Preserving the retail and commercial character of The Ave has been a significant issue throughout the University District Urban Design Framework. In recent months, the University District business community has been highly focused on this topic with an emphasis on commercial affordability. Many of the floated amendments above attempt to tackle the overarching issue of commercial district character and affordability head-on. But some aspects of the issue can’t be fully addressed through development regulations, which is why a separate resolution to supplement the land use ordinance could be adopted to memorialize the City’s intention to provide assistance in designing tenant spaces and business plan development, revise district design guidelines, provide financial assistance and 0% interest loans for small businesses, and develop other local tools, such as a tax abatement scheme and adjusted property taxes.
Modifications Related to Housing Affordability
Mandatory Housing Affordability (MHA) requirements could get a modest boost from the M1 type to the M2 type for the areas to be zoned for high-rise development. This would help deliver additional affordable housing units in area that has some characteristics for high risk of displacement as noted in the City’s Growth and Equity Analysis from Seattle 2035.
The MHA-Commercial fee in-lieu (payment) requirements would jump from $20.00 to $22.25 per square foot of commercial space while on-site set-aside (performance) requirements would jump from 9% to 10% of total square footage to be set-aside as affordable housing.
Meanwhile, the MHA-Residential fee in-lieu and on-site set-aside requirements would see similar jumps to that of MHA-Commercial:
If the amendment to zone The Ave to SM-U 75 is not adopted, the same requirements noted in the table that would otherwise apply to the SM-U 75 zone would be reverted to apply to the SM-U 85 zone. Or, the PLUZ Committee could consider even higher requirements in the spirit of the original MHA framework intent passed by the City Council this past summer which states:
The Council intends to consider whether to include higher performance and payment amounts, subject to statutory limits, for those areas where the increase in development capacity would be likely to increase displacement risk. Factors to consider are (a) areas that have been identified in Seattle 2035, Growth and Equity, Analyzing Impacts on Displacement and Opportunity Related to Seattle’s Growth Strategy, May 2016, as having a high displacement risk; (b) areas where the increment of increased development capacity is greater than the standard MHA-implementing zone change; and (c) areas where planning processes, including, but not limited to, the SEPA process for MHA-R implementation have identified affordable units at risk of demolition, the Council will consider whether to implement additional or alternate MHA program measures to increase affordable units sufficient to offset the affordable units at risk of demolition as a result of the increase in development capacity due to MHA.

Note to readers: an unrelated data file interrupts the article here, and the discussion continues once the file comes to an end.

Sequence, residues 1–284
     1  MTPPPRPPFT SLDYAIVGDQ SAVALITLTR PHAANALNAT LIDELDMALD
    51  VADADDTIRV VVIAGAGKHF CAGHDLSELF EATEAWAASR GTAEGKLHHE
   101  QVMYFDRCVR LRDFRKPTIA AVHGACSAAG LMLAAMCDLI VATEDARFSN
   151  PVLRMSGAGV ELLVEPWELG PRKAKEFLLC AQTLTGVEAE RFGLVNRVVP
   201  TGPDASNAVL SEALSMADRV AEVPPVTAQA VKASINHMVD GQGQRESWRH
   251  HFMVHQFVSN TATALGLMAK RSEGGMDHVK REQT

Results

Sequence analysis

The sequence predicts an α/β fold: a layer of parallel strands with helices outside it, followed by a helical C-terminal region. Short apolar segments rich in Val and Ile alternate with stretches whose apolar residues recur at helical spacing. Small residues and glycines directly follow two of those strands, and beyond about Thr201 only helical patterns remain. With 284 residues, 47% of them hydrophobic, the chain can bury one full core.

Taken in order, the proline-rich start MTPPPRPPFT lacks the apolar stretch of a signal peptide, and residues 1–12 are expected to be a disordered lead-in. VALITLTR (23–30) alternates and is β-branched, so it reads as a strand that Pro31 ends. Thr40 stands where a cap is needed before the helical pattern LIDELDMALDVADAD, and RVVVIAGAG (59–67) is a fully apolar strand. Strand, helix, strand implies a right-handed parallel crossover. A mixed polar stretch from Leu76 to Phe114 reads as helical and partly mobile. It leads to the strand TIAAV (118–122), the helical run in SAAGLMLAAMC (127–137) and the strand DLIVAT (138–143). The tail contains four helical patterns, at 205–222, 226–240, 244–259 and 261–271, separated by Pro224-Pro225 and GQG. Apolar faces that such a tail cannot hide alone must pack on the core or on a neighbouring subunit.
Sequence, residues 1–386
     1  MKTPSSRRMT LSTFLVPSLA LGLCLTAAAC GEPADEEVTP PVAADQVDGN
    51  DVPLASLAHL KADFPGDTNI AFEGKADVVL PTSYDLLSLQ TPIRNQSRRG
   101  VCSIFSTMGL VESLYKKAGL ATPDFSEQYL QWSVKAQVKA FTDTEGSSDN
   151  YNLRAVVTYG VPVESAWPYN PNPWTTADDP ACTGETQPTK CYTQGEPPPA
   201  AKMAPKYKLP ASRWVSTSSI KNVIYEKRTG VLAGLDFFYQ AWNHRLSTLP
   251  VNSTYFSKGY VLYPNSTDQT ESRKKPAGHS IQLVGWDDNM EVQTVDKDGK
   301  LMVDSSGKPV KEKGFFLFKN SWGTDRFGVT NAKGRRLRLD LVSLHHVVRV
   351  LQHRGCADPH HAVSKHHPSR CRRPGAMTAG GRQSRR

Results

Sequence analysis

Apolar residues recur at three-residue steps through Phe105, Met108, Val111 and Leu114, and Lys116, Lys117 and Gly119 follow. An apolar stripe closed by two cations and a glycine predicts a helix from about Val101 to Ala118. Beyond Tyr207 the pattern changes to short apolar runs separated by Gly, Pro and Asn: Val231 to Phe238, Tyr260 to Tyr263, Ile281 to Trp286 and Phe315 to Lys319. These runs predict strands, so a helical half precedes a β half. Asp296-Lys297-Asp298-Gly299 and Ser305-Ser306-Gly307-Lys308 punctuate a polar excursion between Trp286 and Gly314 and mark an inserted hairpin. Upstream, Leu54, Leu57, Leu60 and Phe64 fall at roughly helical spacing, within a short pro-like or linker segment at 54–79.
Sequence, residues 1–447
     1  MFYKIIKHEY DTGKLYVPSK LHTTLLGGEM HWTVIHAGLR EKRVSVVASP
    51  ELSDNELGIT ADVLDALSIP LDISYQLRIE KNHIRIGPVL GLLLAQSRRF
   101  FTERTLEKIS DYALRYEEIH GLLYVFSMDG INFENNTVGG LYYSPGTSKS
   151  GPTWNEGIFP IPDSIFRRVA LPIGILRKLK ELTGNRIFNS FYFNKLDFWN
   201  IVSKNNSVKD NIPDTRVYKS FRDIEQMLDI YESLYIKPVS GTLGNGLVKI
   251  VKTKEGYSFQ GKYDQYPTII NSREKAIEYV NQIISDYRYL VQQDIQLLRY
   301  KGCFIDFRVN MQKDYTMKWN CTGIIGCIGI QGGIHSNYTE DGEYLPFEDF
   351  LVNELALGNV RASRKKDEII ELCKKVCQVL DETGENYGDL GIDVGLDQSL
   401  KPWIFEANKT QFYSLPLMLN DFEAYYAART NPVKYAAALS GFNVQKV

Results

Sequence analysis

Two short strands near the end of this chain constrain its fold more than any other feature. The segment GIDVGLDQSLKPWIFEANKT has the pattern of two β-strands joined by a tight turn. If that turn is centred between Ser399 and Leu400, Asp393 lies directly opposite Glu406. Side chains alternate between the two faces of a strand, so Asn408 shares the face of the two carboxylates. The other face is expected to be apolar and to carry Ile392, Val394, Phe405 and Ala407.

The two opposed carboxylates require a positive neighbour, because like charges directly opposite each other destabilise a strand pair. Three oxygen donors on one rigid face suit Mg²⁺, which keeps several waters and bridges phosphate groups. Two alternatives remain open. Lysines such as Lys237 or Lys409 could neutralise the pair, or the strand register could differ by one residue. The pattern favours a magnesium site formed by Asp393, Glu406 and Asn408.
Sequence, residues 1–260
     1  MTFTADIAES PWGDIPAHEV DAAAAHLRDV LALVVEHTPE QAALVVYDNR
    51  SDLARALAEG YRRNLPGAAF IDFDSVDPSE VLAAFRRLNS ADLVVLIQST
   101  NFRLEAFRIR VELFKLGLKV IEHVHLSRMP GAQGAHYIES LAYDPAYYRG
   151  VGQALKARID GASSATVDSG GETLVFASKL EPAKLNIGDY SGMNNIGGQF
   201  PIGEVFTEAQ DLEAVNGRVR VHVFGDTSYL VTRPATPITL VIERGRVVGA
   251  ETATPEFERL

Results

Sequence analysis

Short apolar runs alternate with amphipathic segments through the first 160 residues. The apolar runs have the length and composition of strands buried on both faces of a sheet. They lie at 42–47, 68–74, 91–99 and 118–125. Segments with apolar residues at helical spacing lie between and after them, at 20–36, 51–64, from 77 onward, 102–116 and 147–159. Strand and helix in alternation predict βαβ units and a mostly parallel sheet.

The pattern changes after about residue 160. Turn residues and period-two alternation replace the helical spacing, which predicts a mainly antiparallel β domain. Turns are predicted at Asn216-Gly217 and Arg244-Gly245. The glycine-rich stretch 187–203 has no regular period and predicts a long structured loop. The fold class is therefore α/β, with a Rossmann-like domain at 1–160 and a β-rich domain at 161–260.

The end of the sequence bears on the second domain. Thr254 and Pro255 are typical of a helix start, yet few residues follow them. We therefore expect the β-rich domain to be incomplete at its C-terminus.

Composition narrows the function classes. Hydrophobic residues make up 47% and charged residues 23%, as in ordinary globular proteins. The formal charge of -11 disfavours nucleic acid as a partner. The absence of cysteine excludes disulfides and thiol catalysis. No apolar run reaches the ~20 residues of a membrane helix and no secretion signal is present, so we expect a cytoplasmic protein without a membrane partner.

The other MHA tables that will apply generally to other zones outside of Downtown, SM-SLU, and SM-U zones could be formally adopted to establish the requirements for M, M1, and M2 MHA rezones. These could include the following:
Additionally, an amendment related to family-sized units could be proposed to further encourage them in SM-U zones. The Mayor’s proposal provides up to an additional 0.5 FAR increment above the FAR base maximum if a development would provide at least 10 family-sized units with access to outdoor amenity space. But an alternative that the PLUZ may consider is to simply exempt floor area for family-sized units. It’s possible that the incentive could be so successful that it would result in development of family-sized units greater than the 0.5 FAR alternative.
Amendments Related to Zoning
A pocket of LR3 zoning north of NE 50th St could be rezoned to MR (M1). Under the Mayor’s proposal, the parcels are not proposed to be rezoned, but had be considered earlier in the University District Urban Design Framework process. In fact, the draft rezone proposal released last May had specifically identified the parcels for MR zoning with 85-foot maximum heights. The Mayor’s proposal, however, would generally allow up to 80 feet in height with 4.5 FAR maximum. These same maximums would apply to this proposed rezone.
Another small pocket of parcels north of NE 50th St were dropped from the Mayor’s proposal for rezones while others saw reduced increases in development capacity over initial zoning proposal from last May. Across the board, the parcels north of NE 50th St would go from LR3 and LR3 RC to NC3-75 (M1) in the amended rezone. Under the Mayor’s proposal, most of the same parcels would only go to NC3-55 (M1). The floor area allowance between NC3-55 (M1) and NC3-75 (M1) is quite significant with a difference of 1.75 FAR. With a rezone to NC3-75 (M1), each development site could achieve a 5.5 FAR as opposed to a 3.75 FAR under NC3-55 (M1), and any NC3-75 (M1) site would have to achieve at least a 2.0 FAR minimum through new development. The increased zoning proposal is partially the result of requests by the YMCA and another property owner.